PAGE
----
How to Manage Your Betting Bankroll
All effective horse players possess a common trait: the ability to manage their bankrolls effectively. Without exaggeration, money management is at least 60% of the challenge a regular horse player faces in trying to sustain profitability. The hurdles are numerous and require a player to master the psychological and fiscal nuances of the game with the same acumen and vision necesary to succeed in any enterprise where money is at stake. Here we'll take a look at the basics of sound racetrack money management.
Start with a logical bankroll and stick with it
When deciding how much to risk on a given day, week, or month of wagering, it is a prerequiste that players be completely and unabashedly honest with themselves. Money set aside for wagering purposes must be separate from the money needed to conduct daily affairs and pay rent, bills, groceries, gas, clothing, etc. That much must be abundently clear for even the most casual of gamblers before getting started. Because the money a player sets aside for betting is entirely personal, there are few hard and fast rules that apply better than the basic maxim of "only bet what you can afford to lose." A player's conception of his own bankroll may be adjusted as the player grasps his own habits and sense of personal finance, but must be strictly adhered to once established. Adding to the bankroll with additional funds during losing streaks is as ruinous as betting above the prescribed bankroll during winning streaks.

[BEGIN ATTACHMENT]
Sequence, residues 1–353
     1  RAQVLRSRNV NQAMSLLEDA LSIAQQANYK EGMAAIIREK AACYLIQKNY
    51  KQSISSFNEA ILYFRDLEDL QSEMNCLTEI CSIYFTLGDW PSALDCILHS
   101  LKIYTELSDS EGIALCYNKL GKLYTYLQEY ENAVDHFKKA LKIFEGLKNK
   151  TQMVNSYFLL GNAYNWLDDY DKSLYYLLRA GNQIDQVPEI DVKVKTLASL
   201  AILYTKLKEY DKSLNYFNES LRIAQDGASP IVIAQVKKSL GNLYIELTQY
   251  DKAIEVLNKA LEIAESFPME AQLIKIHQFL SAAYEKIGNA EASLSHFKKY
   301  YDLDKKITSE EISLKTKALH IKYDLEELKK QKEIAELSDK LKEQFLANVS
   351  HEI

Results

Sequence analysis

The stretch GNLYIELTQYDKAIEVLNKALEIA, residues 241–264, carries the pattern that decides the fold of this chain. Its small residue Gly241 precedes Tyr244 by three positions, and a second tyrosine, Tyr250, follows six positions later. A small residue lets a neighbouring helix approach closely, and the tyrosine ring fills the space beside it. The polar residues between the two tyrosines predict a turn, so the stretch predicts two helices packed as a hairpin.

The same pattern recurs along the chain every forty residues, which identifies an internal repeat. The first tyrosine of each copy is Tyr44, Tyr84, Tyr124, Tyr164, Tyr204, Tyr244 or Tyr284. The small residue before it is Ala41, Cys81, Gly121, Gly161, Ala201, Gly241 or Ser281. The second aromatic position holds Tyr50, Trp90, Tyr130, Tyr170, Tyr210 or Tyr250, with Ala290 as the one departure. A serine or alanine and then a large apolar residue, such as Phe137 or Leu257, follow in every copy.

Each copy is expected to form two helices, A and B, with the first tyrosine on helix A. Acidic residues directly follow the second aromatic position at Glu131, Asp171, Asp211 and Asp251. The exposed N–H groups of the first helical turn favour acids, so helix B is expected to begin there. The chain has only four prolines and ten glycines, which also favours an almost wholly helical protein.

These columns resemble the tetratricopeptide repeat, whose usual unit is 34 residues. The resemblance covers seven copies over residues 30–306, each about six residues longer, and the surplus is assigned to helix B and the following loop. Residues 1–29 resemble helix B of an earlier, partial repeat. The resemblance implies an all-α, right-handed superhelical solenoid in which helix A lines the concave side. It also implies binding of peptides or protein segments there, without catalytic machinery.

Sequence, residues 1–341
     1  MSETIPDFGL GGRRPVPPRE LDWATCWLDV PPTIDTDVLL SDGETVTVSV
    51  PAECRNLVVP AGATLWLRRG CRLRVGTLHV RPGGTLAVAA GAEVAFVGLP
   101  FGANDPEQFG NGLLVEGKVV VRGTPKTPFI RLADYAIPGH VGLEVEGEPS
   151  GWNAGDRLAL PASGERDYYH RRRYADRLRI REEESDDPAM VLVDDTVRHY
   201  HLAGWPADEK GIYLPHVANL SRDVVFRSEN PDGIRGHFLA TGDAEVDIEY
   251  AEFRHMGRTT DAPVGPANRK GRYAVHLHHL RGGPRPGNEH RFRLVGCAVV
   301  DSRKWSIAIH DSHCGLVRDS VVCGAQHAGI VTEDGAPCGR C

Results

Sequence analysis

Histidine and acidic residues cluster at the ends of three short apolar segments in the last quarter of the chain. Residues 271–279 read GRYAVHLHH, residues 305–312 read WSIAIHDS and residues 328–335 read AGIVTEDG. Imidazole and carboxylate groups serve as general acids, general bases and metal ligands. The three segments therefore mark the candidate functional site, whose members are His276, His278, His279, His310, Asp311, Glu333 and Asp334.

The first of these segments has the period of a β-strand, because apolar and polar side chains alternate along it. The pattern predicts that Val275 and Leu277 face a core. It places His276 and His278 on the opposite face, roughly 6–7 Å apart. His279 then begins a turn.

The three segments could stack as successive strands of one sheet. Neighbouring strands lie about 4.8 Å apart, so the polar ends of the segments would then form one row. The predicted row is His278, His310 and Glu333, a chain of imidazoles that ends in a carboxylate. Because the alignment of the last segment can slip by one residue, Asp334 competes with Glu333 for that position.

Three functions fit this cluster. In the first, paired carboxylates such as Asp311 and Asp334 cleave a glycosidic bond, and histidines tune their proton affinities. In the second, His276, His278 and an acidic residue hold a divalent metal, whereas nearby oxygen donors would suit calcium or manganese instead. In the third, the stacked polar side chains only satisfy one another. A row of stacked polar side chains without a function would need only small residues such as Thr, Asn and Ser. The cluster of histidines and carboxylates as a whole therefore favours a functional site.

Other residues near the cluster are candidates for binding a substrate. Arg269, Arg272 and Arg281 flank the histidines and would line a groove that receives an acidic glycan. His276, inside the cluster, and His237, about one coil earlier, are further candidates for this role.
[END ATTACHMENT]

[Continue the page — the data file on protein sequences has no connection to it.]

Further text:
Set the rules of engagement
Once a player determines what he is comfortable wagering on a given day at the races, he must also determine a specific plan for how that money will be spent. A good handicapper preparing for a race card or multiple cards, always identifies the most optimum bets of the day well ahead of time. Through trial and error, the effective bettor also has a keen understanding of which bets they excel at, and which ones have proven to be less successful. A solid pick three bettor, for example, is well-advised to identify prime pick three sequences on a given race card and devote the bulk of his wagering capital towards these bets. As a general rule, it is good practice never to dedicate any more the 25% of a total bankroll towards a single bet. The amount of money a player bets should always be proportionate to the amount of confidence they have in the bet itself. This requires a good deal of self-reflection and discipline.
Corralling loose bets
A "loose bet" is the kind most casual race-goers make at the track. These are the kinds of spontaneous wagers people make based on hunches, emotions, half-baked ideas, and other suppositions. There's nothing inherently wrong with a loose bet, but these types of wagers should only consume a very small percentage of a player's bankroll - somewhere between 5-7% falls in the range of acceptable. Playing with a well-thought-out bankroll is one of the first steps towards becoming a more successful horse player.
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* REMINDER! - you must be of legal age in your state or province to legally wager on thoroughbred or harness horse racing. Please bet responsibly!